I trust you. This is the way we prove we are a compassionate people.

Stepping out on this road, I haven’t really had fear. And, I don’t really have fear now. But, I recognize the possibilities of what may go wrong or what may happen. I have prepared mentally for what if someone mugs me, robs me, beats me up, or punches me. If some one hurts me, it is my full intention to say to them: I…LOVE…YOU.

I’ve preplanned it in my mind; I’ve gone over and over and over it in my head a thousand times. If someone does that, if someone hurts me, if someone steals all my stuff, if the worst-case scenario does happen and I die a brutally painful death, what will be my response? What if I go to jail? What if I’m picked up by CIA/FBI/NSA agents and tortured, how will I react? Will I yell and kick and punch and scream? Will I be upset and claim my rights? Will I be indignant; will I glare and give snide remarks? What will be my response?

My plan, and I pray that I am able to do this, but the plan, when the inevitable happens; I say…I love you, and much more—I mean it.

I desire that the last words from my mouth be ones that provide those that hear them with an understanding of peace. Throughout history, people’s dying words have been noted with much interest. It is perhaps in those last moments when we are at deaths door and our lives have flashed before our eyes that we are the most honest and the most perceptive of the truth.

If the worst-case scenario happens, will I say I love you to the car skidding off the road to hit me, whether by accident or on purpose, will I beam them love? Or, will I freak out and be fearful? The desire is to do the other.

Stepping out onto the road for me, and by extension out on this pilgrimage, is about saying to the other people I trust you. I love you. I care for you. I know you will do the right thing when given the opportunity. But most of all I have faith in you as a person. Because I KNOW you are a good person.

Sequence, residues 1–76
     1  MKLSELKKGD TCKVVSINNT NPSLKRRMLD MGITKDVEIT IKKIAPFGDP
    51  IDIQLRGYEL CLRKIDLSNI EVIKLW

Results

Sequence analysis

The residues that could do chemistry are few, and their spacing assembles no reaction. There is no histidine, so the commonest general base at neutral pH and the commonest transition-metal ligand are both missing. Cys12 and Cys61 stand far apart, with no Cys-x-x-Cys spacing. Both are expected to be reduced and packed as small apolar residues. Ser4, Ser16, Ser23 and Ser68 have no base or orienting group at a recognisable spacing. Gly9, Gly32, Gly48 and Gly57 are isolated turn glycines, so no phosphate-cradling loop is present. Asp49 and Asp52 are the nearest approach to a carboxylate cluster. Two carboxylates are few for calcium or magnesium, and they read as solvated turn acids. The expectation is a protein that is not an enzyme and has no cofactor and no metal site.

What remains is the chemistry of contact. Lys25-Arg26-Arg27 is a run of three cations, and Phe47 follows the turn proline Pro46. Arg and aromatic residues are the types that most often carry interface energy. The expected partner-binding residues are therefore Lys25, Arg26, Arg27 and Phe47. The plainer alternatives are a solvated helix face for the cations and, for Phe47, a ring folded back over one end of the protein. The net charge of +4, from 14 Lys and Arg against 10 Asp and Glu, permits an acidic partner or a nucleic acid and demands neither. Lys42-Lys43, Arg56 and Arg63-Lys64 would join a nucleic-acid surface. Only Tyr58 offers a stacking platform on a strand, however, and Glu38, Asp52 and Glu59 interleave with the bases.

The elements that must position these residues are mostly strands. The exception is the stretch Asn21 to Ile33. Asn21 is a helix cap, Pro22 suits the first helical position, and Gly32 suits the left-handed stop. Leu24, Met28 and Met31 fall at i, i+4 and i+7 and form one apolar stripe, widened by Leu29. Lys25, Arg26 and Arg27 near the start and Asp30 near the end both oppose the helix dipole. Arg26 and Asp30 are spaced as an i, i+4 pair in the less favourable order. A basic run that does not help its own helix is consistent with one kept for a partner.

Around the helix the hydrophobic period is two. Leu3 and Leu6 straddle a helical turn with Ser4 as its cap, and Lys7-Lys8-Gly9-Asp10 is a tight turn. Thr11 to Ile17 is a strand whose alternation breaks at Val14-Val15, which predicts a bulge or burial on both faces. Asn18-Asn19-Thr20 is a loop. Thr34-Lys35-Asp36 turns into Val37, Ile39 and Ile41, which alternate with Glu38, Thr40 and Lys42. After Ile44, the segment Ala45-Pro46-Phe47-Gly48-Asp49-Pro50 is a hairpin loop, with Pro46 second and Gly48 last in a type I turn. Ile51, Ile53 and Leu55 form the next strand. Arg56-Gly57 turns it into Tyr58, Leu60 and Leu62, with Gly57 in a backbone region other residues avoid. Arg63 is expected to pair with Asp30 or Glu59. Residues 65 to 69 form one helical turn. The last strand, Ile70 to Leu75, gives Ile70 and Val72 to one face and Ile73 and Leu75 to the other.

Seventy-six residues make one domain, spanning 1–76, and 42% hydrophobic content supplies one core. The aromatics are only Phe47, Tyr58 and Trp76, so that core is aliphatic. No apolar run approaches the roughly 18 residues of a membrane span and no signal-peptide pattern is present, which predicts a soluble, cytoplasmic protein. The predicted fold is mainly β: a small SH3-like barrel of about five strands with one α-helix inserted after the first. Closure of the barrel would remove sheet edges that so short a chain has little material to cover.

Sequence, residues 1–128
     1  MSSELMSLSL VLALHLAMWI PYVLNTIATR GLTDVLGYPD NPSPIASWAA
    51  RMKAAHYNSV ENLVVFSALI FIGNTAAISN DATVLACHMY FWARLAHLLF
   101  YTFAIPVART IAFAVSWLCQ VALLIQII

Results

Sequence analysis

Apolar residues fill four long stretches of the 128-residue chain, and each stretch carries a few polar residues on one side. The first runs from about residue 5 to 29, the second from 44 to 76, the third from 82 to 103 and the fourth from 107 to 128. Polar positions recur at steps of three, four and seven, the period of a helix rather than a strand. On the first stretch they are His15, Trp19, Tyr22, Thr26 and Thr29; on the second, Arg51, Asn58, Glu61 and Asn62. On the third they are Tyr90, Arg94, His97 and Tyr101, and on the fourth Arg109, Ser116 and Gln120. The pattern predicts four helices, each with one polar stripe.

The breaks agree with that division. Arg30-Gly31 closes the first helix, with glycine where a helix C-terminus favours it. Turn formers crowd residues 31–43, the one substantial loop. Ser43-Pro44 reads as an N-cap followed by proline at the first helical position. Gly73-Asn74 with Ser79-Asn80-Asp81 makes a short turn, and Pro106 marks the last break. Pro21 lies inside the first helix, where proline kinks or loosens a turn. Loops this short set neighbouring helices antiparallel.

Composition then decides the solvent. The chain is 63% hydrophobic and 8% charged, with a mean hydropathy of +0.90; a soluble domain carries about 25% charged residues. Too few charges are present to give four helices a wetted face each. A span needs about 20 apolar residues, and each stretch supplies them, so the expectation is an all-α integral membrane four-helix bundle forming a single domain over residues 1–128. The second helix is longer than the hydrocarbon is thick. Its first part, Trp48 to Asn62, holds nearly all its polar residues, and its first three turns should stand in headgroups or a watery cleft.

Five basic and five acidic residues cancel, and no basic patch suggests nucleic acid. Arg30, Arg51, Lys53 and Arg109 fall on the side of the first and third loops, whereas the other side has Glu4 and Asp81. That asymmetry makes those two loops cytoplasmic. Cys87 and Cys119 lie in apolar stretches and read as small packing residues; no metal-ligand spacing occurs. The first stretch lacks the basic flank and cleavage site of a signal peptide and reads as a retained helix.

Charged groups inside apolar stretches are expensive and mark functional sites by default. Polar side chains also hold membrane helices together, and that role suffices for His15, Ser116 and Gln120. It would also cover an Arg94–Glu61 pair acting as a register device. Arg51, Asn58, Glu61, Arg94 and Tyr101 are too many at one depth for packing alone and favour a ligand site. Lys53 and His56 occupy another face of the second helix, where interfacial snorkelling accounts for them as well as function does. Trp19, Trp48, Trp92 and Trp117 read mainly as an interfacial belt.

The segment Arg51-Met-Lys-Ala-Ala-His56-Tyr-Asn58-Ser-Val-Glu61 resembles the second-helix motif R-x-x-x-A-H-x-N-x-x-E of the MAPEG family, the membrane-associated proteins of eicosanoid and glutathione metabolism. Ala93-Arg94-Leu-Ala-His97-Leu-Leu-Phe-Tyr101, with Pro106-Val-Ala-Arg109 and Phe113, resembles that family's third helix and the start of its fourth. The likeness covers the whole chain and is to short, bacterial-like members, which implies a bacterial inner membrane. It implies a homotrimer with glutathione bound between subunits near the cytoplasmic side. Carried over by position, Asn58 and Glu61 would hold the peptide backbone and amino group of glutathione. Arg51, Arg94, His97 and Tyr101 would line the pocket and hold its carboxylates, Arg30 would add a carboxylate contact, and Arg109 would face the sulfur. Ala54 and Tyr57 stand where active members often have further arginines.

Despite what you have done previous to this in your life, despite what I have done, who you are at your deepest core—is good. No matter what anyone has done for you, to you, against you, or because of you, I trust you. No matter what you have done to others, against others, or because of others…I love you.

I trust that when I place myself before you as a person in your path, and say, “Here I am, I’m vulnerable,” I know that you will do the right thing by me.

Homeless people do this all the time.

Most homeless/houseless/homefree people aren’t on the streets by choice. I am on the streets by choice…there is a big difference. But then, that may be a stereotype of mine. I guess I just assume that people don’t voluntarily live on the street with nothing on purpose, but I maybe wrong.

It is perhaps just a guess, but my experience has shown that something happened to get them there, there house burned down, drugs or alcohol, spouse kicked them out, jobless, or money ran out and you can’t camp on someone’s sofa any longer. In other words, something happened that made you so vulnerable enough to be on the street.

Now that you are there, you endeavor to continue to live, and survive you do. Yes there are abuses, hurts, shame, pain, and fearful moments and experiences, but you continue and persevere. Beg or don’t beg, in one-way or another, people take care of you. Whether missions, a shelter, or nature itself—something cares for you and you still care for you. You love you enough that you are still here…you haven’t ended you life.

Previously, I never understood why people would stay in the Tenderloin slum of San Francisco or any other slum. I didn’t understand why people wouldn’t pack up and move into the mountains and survive on the land? Or, if you were going to sleep on the curb why do it in a bad neighborhood?

But I digress.

The point is, by stepping out onto this road, I’m saying to everyone: I want to love you. I want to love you, and I trust that that is your heart’s desire as well. I believe that you really want to love others. However, I make myself vulnerable to either your attack or your love, but I will receive both with open arms. The intention then is to stand with open arms, and no matter what you give me, love or the opposite, I say I love you.